A talk by Ali Nobil Ahmad, Madeline Haas Russell Visiting Professor of South Asian Studies
Hassenfeld Conference Center, Levine Ross Room
Futures Imperfect: Utopias and Dystopias in South Asia
Friday, March 7, 2014 1:00 pm to 4:45 pm
Saturday, March 6, 2014 9:45 am to 2:30 pm
Mandel Reading Room
The purpose of this workshop is to bring together scholars from a range of disciplinary backgrounds to explore how utopic and dystopic visions shape subjectivities, geographies and texts in South Asia today.
Inspired by contemporary processes in India, Pakistan, and Bangladesh, we conceive of utopias and dystopias not as alternative worlds but as, in the words of Gordin, Tilley and Prakash, "conditions of historical possibility" which allow for the articulation of a diversity of experiences in the present.
We seek to shift attention from celebratory narratives such as "shining India" and the transnational novel, as well as from dystopic visions such as the "planet of slums" or Pakistan as a "failed state," to look at how futurity animates the contemporary - in life and in text.
The Female and Her Body in Pakistani Art
A Lecture by Sophiya Khwaja
Monday, November 4, 2013 at 2:00pm
In a social context in which women’s visibility has been culturally and historically undesirable, and, when visible, is considered a sexual invitation, the depiction of the female body assumes potent socio-political meaning, especially when enunciated by women themselves. This lecture will focus on the depiction of the female form in Pakistani art. Special emphasis will be given to work produced by contemporary women artists of the past decade living and working in Pakistan. The owning and celebration of the female body, the connotation to rebellion through its use in art along with the challenging of the “male gaze” are amongst the main concerns of the lecture. Also under consideration will be the development of the role of women in the arts, mainly through their use of the female form in their own work and the staggering influence this work has had on that produced by their male contemporaries. Sponsored by the Programs in South Asian Studies and the History of Ideas.
Screening and Discussion with acclaimed documentary filmmaker Paromita Vohra
Friday, October 11, 2013 at 3:00pm
Is piracy organized crime or class struggle? Is the fine line between plagiarism
and inspiration a copout or a whole other way of looking at the fluid nature of
authorship? Who owns a song—the person who made it or the person who paid
for it? Partners in Crime (2011), by Paromita Vohra, one of India’s most
acclaimed documentary filmmakers, tackles these questions and more.
Sponsored by the South Asian Studies Program and the International Center for Ethics, Justice and Public Life at Brandeis University.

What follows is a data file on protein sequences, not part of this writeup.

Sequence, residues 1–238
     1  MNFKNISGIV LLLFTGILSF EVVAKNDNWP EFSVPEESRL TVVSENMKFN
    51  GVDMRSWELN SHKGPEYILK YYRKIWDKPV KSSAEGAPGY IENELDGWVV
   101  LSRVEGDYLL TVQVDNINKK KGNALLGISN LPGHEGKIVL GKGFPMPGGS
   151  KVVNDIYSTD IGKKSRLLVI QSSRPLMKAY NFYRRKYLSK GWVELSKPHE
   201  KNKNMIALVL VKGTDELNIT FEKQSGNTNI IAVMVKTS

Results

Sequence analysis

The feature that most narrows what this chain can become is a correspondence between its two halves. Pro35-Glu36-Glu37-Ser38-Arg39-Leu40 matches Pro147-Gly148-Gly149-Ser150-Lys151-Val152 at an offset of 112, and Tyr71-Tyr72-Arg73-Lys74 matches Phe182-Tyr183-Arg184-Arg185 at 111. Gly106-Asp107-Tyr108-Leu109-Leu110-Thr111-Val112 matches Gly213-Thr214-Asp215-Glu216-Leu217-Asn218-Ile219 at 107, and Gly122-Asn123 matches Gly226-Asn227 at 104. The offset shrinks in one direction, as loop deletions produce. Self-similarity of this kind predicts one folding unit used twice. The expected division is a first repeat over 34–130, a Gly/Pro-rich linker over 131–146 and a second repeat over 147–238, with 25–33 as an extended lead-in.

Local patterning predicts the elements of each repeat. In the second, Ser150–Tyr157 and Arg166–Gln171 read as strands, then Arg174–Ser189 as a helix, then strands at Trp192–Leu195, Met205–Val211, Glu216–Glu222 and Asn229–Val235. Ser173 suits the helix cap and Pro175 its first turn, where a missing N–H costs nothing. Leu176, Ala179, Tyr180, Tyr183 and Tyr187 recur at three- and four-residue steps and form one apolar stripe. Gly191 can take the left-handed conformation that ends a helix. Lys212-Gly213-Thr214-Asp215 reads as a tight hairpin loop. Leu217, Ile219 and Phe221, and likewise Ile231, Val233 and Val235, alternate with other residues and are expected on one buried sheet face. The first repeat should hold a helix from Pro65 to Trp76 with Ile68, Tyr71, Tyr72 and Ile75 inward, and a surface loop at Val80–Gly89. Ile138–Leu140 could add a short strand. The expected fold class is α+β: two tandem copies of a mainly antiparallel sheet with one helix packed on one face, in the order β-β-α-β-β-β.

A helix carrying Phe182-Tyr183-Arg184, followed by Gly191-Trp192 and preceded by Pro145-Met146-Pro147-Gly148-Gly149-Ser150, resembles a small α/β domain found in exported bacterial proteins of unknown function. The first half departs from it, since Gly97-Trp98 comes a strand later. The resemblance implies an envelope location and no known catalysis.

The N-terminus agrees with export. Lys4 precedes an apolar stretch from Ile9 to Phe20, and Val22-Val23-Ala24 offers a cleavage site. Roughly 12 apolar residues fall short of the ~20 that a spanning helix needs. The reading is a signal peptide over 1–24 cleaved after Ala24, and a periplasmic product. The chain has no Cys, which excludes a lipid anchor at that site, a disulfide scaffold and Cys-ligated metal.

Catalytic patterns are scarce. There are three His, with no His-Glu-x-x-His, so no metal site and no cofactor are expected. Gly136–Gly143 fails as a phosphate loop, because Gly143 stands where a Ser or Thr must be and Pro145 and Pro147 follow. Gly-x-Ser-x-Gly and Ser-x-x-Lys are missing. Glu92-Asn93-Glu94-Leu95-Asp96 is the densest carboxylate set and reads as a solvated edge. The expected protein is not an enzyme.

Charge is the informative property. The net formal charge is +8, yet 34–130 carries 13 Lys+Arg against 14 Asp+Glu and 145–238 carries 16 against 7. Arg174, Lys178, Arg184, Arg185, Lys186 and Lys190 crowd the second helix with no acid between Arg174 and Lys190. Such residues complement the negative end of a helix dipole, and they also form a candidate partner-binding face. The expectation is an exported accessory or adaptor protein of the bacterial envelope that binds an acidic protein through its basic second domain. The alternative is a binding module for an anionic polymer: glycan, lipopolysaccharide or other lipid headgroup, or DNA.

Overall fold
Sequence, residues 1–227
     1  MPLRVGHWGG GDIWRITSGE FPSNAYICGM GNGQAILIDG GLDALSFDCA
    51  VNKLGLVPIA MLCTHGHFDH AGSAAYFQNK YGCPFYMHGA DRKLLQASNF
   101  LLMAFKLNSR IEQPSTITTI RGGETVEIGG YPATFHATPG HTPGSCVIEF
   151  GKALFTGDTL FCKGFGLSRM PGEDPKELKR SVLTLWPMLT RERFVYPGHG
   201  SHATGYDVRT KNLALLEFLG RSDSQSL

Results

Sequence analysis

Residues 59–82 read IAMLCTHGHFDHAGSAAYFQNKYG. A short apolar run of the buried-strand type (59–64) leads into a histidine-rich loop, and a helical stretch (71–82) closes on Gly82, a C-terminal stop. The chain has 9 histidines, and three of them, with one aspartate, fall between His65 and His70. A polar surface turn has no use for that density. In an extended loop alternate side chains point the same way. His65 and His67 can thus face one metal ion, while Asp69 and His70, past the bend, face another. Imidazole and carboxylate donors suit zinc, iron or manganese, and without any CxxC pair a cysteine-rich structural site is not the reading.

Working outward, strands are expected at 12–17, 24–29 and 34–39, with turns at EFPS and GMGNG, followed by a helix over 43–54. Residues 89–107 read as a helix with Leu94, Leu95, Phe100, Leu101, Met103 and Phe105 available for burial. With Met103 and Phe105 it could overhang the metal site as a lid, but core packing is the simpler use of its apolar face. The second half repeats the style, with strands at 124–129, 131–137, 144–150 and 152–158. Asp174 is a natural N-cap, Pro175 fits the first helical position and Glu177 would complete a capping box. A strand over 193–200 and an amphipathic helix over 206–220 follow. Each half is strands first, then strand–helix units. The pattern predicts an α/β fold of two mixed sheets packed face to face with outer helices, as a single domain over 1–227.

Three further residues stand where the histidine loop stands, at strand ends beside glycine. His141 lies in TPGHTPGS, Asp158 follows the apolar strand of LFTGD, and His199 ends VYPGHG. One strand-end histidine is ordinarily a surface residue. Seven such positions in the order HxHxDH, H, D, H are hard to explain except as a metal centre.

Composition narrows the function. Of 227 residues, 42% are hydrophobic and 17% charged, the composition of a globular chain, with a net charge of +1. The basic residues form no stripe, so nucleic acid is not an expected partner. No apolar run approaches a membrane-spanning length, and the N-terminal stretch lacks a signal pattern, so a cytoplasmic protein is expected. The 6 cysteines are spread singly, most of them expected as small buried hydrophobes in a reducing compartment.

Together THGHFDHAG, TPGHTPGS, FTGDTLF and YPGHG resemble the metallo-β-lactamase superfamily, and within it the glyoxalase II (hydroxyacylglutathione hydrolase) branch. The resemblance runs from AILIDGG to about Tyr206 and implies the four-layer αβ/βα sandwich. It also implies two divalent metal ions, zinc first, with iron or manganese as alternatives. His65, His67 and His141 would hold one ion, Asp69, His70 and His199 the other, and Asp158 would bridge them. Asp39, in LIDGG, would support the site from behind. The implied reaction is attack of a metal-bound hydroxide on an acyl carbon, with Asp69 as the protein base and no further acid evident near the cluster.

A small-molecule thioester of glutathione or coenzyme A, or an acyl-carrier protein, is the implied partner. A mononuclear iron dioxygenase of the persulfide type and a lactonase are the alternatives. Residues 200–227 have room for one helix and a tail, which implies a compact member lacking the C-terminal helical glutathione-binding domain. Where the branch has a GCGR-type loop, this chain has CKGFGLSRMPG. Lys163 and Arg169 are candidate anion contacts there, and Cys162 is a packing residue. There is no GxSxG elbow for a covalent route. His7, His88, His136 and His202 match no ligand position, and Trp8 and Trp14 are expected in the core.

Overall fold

May 1, 2013: "Unfriendly Bodies, Hostile Cities: Reflections on Loitering in Urban India,"
Speaker Dr. Shilpa Phadke (Tata Institute of Social Sciences, Mumbai). Prof. Phadke discussed her research on gender and public space in relation to the recent nation-wide debates around sexual violence in India.
April 29, 2013: "Soldiering Sustainability: Urban Ecologies and Political Imaginaries in Kathmandu and Mumbai," Speaker: Dr. Anne Rademacher (NYU). In this talk, Dr. Rademacher drew from long-term ethnographic engagement with the biophysical, cultural, and political dynamics of urban river degradation in Nepal’s capital city to show how discussions of urban ecology in Kathmandu are at the center of competing political imaginaries. An open lecture to Anth151 "Nature, Culture, Power: Anthropology of the Environment." Co-sponsored with the Anthropology Department.
April 22, 2013: "Dhan Te Nan! Onomatopoeia and Other Deployments of Film Sound inContemporary Multiplex Cinema," Speaker: Dr. Sudhir Mahadevan (University of Washington). This presentation offered a preliminary survey of the formal functions of film sound in contemporary multiplex cinema, as a potential gateway into reflections on South Asia’s cinematic imaginary. This event was associated with Eng20a "Bollywood: Popular Film, Genre & Society."
October 4, 2012: Renowned Indian filmmaker Anand Patwardhan '72 joined the Brandeis community for a screening of his film "Jai Bhim Comrade." President Lawrence welcomed Mr. Patwardhan to campus, describing his films as an invaluable contribution to social justice efforts across the globe and an inspiration to the Brandeis community.
March 23, 2011: Dr. Maina Chawla Singh (American University / New Delhi University) presented a lecture titled "Being Israeli: Migration, Ethnicity and Gender in the Jewish Homeland" based upon her scholarship "Writing Our Lives: Migration Narratives of Indian-Jewish Women".
April 13, 2011: Brandeis hosted a screening of the documentary "Made In India" about the human experiences behind the phenomena of "outsourcing" surrogate mothers to India.